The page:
Wow. Compelling! What you’ve described here is something the Lord has been convicting me of in recent months. I’ve recognized pride and the shameful lack of empathy even in my prayers for other people… I’ll pray for healing or for help while in my heart is a refusal to be the conduit of comfort or assistance. It’s as though I use my prayer as an excuse for inaction, and to give the appearance of compassion.


    1. Katie Butler says:

      I’m glad it resonated with you, Jana. I’ll be praying for God to refine us both!


      1. Anne Stogner says:

        I am thankful for your reflection and the knowledge God has given you to write all this post. I am also thankful for your confession of bitterness and the resistance to forgive with Pip. I am a homeschooling mom of 5 (only 2 in lessons so far), with one more due in March. I have struggled with bitterness and resistance to forgive also and have gone between being calloused to realizing my awful hypocrisy.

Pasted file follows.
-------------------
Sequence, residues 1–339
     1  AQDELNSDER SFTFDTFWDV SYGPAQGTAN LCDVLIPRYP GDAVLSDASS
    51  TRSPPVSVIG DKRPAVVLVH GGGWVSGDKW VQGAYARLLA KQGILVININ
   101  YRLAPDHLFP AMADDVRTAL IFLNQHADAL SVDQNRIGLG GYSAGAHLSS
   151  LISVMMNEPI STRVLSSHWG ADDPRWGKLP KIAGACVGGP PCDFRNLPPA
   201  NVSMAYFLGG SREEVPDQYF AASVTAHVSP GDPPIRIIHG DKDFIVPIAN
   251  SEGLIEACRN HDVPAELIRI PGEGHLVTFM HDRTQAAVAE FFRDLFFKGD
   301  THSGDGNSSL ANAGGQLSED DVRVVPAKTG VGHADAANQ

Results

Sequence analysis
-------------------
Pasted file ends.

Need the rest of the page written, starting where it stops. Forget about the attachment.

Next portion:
Thank you for bringing the beautiful and needed gospel to me through your words.


      2. Katie Butler says:

        Thank you for these kind words, Anne. I pray God will encourage you and spur you on.


  2. drvenk says:

    IT is excellent article to sit for self analysing with the lord


    1. Katie Butler says:

      Thank you Dr. V!


  3. Kancianic says:

    At first I thought your post was going to be political ha (and that may be appropriate also) but thank you for sharing this. I’ve not been resentful of family members with autism- because they don’t live with me -but I’ve had a more “clinical fascination “with their differences than true empathy. Thanks for the push in that direction.